A third of ambulance trusts in Britain “strongly support” new cycle lanes while none oppose them, according to new research by Cycling UK.
A Freedom of Information (FOI) investigation by the cycling charity suggests that the new cycle lanes, Low Traffic Neighbourhoods and other active travel measures are not delaying ambulance drivers or adding to emergency response times.
This contradicts claims by some national newspapers and politicians that the new cycle lanes had delayed emergency calls, said Cycling UK.
The cycle lanes were installed as part of government funded schemes in response to the Covid-19 pandemic to provide alternatives to public transport and make social distancing easier on high streets.
Of the 12 trusts contacted, only North West Ambulance NHS Trust and the South East Coast Ambulance NHS Trust did not respond.
The investigation covered the period from March to November 2020, when councils were at their busiest building new temporary safer cycling and walking facilities, said the charity.
The trusts were asked if they supported new cycling and walking schemes. No trust indicated a lack of support for the new schemes, while four trusts expressed their support: South Central Ambulance Service, Yorkshire Ambulance Service, East Midlands Ambulance Service and London Ambulance Service.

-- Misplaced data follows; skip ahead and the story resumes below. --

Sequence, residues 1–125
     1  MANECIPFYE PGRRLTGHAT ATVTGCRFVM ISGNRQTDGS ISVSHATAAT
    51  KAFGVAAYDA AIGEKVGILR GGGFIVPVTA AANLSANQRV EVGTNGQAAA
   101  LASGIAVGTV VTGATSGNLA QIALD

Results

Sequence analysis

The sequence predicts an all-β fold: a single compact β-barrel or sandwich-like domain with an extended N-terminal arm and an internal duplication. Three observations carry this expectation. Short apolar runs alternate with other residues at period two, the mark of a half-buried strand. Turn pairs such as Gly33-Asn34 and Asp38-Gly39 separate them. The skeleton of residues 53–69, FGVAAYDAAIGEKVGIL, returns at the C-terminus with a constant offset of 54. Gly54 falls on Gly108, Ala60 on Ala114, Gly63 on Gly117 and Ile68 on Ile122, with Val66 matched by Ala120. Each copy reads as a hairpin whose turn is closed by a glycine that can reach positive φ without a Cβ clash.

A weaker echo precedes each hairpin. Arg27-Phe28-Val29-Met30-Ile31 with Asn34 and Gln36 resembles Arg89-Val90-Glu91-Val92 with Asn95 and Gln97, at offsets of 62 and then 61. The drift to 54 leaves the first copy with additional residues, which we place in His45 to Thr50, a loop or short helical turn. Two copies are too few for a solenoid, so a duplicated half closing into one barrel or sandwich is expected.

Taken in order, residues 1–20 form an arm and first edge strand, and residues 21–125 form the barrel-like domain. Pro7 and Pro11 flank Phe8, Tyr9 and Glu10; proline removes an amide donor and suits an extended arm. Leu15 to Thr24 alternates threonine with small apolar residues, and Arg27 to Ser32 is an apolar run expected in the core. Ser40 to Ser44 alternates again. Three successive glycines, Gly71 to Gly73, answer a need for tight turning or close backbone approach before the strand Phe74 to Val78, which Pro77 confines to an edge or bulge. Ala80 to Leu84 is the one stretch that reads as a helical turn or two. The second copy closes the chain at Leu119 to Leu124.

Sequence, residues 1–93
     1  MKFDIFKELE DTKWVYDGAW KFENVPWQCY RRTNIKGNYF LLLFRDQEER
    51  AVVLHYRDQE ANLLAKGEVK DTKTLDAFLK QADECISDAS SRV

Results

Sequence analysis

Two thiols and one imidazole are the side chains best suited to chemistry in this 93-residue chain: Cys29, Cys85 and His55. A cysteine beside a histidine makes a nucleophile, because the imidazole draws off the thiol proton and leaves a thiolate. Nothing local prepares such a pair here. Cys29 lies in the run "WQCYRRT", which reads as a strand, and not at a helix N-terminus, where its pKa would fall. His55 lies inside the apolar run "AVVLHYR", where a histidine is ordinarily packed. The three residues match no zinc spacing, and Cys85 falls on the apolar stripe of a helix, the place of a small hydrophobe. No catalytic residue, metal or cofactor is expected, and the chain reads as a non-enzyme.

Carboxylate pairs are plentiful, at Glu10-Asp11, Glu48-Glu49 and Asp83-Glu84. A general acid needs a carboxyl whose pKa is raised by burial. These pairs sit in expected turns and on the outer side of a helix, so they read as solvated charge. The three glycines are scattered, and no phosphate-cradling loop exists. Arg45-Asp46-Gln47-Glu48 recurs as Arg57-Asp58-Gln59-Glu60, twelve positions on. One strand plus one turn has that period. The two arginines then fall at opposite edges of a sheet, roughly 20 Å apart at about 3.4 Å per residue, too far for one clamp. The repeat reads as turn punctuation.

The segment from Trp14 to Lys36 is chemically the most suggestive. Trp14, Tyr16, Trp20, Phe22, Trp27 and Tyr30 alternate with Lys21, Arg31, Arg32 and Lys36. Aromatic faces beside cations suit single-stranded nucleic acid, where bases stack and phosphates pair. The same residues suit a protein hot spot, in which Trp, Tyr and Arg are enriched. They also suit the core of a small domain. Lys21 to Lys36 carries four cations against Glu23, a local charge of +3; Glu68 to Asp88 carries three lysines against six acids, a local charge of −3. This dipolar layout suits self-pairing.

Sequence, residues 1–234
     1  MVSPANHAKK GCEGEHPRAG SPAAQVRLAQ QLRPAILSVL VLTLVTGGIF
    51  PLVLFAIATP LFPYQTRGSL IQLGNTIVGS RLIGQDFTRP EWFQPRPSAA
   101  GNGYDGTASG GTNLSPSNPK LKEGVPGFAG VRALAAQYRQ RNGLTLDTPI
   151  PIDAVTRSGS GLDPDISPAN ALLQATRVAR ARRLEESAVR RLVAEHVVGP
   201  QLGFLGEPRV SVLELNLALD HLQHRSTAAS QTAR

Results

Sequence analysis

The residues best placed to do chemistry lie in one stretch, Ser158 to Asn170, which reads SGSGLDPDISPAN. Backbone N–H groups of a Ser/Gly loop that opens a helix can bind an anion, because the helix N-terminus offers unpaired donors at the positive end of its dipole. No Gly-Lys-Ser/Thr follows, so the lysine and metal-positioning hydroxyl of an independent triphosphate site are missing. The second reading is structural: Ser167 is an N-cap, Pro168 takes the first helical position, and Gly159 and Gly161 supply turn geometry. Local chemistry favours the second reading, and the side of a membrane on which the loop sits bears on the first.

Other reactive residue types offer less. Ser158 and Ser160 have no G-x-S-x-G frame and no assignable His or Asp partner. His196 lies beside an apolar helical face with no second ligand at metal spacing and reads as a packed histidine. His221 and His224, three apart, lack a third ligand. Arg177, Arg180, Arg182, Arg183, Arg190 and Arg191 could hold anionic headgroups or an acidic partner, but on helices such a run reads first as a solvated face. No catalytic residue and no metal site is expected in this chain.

Trusts were asked if they had raised any concerns about schemes, which might delay ambulance drivers or add to emergency response times.
Only East of England Ambulance Trust voiced concerns, identifying a barrier-controlled access to a pedestrian area in Cambridge.
But Cambridgeshire County Council subsequently told the charity’s Cycle magazine that no lockable barriers were installed using the Department for Transport’s Emergency Active Travel Fund, and the barrier in question probably referred to a barrier installed for counter-terror purposes in 2018.
The London Ambulance Service said: “The trust does not support withdrawing funding for active travel measures. However, the trust recognises that changes to road layouts, traffic management schemes, and road closures all have the potential to impede our response to the most critically ill patients?and could delay life-saving treatments or their?conveyance to the nearest emergency department.
“For this reason, the trust carries this risk on its Risk Register. The trust also engages extensively?with the boroughs and Transport for London to ensure changes and traffic?schemes?(to reduce traffic congestion, improve air quality and road safety, and promote active travel)?reflect?our operational needs as an emergency service.”
Duncan Dollimore, Cycling UK’s head of campaigns said: “These new cycle lanes - which are helping thousands of people to travel safely, including key workers in our hospitals and paramedics - are no barrier to ambulances.”
“It’s hugely reassuring to see councils and ambulance trusts working together at this most difficult of times to ensure the safety and wellbeing not just of the paramedics’ patients but also of those who choose to walk and cycle.
“Survey after survey has shown the majority of the UK supports safer cycling and walking facilities, and Cycling UK would encourage councils to continue their good work and not let baseless allegations deter them from building a safer, healthier and greener future for us all.”
Cycling UK’s Freedom of Information requests to NHS Ambulance Trusts in Great Britain
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